Ultimately, they want social validation, but children are frankly never going to be able to match up to the beauty standards of peers and celebrities whose online selves bear little resemblance to their real selves.
The internet also makes children worry about FOMO - or fear of missing out. This means that they build a strong attachment to their phone to keep up with what’s happening online, but at the same time can easily develop anxiety from the realization that they were either left out or not invited to an event.
What’s more, the problems around their desire to fit in means that they can be easily persuaded to compete in viral online dares. Many of these are highly dangerous, and have resulted in tragedy and death.
Well known examples of this trend include the bird box challenge, which encouraged users to record themselves doing dangerous things blindfolded, and the tide pod challenge, which coaxed them into eating laundry detergent.
The social world of children has always been intense, hierarchical, and pretty savage, but at least in the past they could go home and take a break from negative experiences.
Unfortunately, this simply isn’t possible anymore.
Thanks to social media, fall outs or disagreements with friends or peers have become much more complicated. Fights are now public events and can have a real impact on a child’s social reputation - affecting their ability to navigate the real world.
It’s also a lot easier to fall out with people online, since it’s easier to misunderstand posts and messages when we can’t see someone’s facial expressions, body language, or hear their tone of voice.
Cyberbullying is another huge issue for children, with an estimated 36% of teenagers having experienced it (DoSomething.org). It can be harrowing, and often leads to lower self esteem, less interest in school, and low academic achievement.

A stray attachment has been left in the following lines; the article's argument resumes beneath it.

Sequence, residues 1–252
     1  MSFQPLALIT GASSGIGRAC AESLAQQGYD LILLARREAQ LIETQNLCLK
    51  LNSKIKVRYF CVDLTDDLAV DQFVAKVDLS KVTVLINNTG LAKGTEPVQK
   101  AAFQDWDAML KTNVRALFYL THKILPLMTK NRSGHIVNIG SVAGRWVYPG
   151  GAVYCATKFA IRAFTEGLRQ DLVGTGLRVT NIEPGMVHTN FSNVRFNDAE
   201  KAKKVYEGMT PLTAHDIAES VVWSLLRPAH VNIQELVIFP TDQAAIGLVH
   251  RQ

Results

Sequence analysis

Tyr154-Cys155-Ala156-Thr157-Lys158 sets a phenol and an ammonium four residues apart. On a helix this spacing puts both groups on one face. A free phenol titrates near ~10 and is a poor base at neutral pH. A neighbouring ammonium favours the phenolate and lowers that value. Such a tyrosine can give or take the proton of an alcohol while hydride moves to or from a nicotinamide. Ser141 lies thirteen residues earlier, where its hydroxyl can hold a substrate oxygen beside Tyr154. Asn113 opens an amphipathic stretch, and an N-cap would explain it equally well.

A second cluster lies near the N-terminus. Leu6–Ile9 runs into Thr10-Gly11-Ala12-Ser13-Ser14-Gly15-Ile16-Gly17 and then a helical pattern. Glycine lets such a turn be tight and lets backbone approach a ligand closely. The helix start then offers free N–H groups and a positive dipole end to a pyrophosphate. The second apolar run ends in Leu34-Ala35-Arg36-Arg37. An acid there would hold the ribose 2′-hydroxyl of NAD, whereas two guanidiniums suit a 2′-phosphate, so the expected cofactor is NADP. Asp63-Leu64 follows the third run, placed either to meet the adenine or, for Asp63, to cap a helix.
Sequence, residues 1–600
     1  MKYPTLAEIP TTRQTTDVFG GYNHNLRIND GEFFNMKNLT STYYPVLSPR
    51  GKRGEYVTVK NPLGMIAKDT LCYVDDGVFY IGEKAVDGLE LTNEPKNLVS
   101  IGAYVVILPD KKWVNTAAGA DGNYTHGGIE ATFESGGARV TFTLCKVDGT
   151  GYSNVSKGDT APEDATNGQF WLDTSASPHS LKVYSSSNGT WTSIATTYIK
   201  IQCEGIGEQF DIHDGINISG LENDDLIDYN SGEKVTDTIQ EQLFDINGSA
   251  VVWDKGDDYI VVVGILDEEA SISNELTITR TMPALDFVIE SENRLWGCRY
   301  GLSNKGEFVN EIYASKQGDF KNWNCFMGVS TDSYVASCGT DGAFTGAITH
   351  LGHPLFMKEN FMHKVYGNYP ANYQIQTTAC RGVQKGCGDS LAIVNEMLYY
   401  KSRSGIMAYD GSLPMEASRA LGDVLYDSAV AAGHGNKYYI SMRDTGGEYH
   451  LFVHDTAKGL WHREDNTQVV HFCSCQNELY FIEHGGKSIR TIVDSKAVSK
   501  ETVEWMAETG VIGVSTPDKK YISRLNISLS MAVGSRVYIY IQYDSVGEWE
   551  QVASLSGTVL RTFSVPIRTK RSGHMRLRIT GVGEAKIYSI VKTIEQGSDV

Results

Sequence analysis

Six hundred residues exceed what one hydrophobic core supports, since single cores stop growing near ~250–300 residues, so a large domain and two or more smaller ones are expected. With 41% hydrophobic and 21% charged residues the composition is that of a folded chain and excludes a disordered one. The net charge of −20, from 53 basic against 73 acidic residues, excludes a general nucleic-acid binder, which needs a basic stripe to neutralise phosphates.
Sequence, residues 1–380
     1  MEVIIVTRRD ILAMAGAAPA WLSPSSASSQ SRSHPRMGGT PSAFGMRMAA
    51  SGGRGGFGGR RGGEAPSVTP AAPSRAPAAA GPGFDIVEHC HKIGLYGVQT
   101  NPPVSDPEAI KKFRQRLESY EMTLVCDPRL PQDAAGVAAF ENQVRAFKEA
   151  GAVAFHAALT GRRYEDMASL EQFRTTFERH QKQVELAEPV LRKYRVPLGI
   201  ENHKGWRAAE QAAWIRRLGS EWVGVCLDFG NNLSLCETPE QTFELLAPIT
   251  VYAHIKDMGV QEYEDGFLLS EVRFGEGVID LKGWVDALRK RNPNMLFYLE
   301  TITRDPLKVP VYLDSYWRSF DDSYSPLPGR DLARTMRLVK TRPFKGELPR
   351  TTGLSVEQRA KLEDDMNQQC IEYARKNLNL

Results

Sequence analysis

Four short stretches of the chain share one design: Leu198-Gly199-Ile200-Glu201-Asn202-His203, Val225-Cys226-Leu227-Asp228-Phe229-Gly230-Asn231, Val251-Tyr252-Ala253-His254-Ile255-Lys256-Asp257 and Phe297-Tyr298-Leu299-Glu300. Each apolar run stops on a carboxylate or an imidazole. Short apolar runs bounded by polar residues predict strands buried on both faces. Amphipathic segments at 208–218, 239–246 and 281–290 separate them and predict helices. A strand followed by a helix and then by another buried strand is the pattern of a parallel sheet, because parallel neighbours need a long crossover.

And, while cyberbullying is usually associated with children, the increasing number of adults involved in online shaming makes the issue far more serious for those that experience it.
So, how can we get children to control their impulse to use platforms that have been made to attract them like moths to a flame?
How can they best protect themselves from what is a toxic online culture?
How can you stop them from experiencing the digital overload that will affect their wider quality of life?
These are some of the questions that define a child’s digital wellbeing today and they can be complicated to answer.
Ultimately, your role as a parent is to help your children to develop the critical thinking, self control, and coping strategies that they will need to effectively deal with the online world and all the risks associated with it.
This starts by controlling screen time. Ultimately, some internet use has been found to be beneficial for children, as long as digital devices are integrated into a balanced lifestyle. But self control is a key development issue that has a real bearing on their capacities in life as they get older.
Unfortunately, the recommendations from the leading child wellbeing associations around the world disagree about what represents a healthy amount of screen time among children, and the limits you set will reflect your child’s age and “digital maturity”.
If you have a child under the age of two, they should avoid screens altogether.
After this age, it’s advisable for children to be outside for at least the same amount of time that they play with their devices. They also shouldn't be on their devices for extended periods, and need to be coaxed into taking regular breaks to protect their eyes.
It’s also important for families to agree on digital usage, and you could decide to ban devices from the dinner table, to establish no-phone-zones in the house, or to set periods of the day that are free from these digital distractions.
Children should also be banned from any screen time in the last hour before they go to bed, so that the blue light doesn’t affect their quality of sleep - encourage them to read or play quietly instead.
Ultimately, it’s useful to make digital wellbeing a key kitchen table conversation - speak to your children about the internet, find out what they’re doing and how they feel. Let them know that they can come and speak with you about any bad experience that they face.
Children learn from what we do as well as what we say, and it’s good to remember that parents who spend too much time glued to their own devices end up with children with far poorer digital wellbeing.
This makes it all the more important for parents to act as good digital role models, as well as to resist the urge to use devices as digital pacifiers.
You can find ways to improve your relationship with your devices in our Personal Digital Wellbeing Checklist, and we’ve also compiled a list of the best apps for improving digital wellbeing with your children.